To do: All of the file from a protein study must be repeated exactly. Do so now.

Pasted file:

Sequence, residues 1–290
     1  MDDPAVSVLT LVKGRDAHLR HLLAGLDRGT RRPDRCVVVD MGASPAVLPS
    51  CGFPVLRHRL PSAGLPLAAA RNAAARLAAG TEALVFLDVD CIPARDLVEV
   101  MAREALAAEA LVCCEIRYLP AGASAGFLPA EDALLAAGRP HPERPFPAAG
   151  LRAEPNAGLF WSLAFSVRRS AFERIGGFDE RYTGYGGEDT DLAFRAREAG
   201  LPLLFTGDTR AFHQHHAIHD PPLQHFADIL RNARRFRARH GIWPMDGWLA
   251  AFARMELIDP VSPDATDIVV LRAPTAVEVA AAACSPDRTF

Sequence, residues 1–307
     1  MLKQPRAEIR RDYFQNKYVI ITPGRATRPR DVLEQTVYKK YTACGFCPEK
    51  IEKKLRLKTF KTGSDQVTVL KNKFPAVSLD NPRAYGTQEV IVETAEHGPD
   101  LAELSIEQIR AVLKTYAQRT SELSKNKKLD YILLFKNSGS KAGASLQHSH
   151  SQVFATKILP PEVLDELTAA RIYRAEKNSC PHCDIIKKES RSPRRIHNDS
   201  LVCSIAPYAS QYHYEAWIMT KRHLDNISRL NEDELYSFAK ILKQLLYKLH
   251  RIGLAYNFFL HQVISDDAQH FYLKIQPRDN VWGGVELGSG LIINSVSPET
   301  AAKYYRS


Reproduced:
Sequence, residues 1–290
     1  MDDPAVSVLT LVKGRDAHLR HLLAGLDRGT RRPDRCVVVD MGASPAVLPS
    51  CGFPVLRHRL PSAGLPLAAA RNAAARLAAG TEALVFLDVD CIPARDLVEV
   101  MAREALAAEA LVCCEIRYLP AGASAGFLPA EDALLAAGRP HPERPFPAAG
   151  LRAEPNAGLF WSLAFSVRRS AFERIGGFDE RYTGYGGEDT DLAFRAREAG
   201  LPLLFTGDTR AFHQHHAIHD PPLQHFADIL RNARRFRARH GIWPMDGWLA
   251  AFARMELIDP VSPDATDIVV LRAPTAVEVA AAACSPDRTF

Sequence, residues 1–307
     1  MLKQPRAEIR RDYFQNKYVI ITPGRATRPR DVLEQTVYKK YTACGFCPEK
    51  IEKKLRLKTF KTGSDQVTVL KNKFPAVSLD NPRAYGTQEV IVETAEHGPD
   101  LAELSIEQIR AVLKTYAQRT SELSKNKKLD YILLFKNSGS KAGASLQHSH
   151  SQVFATKILP PEVLDELTAA RIYRAEKNSC PHCDIIKKES RSPRRIHNDS
   201  LVCSIAPYAS QYHYEAWIMT KRHLDNISRL NEDELYSFAK ILKQLLYKLH
   251  RIGLAYNFFL HQVISDDAQH FYLKIQPRDN VWGGVELGSG LIINSVSPET
   301  AAKYYRS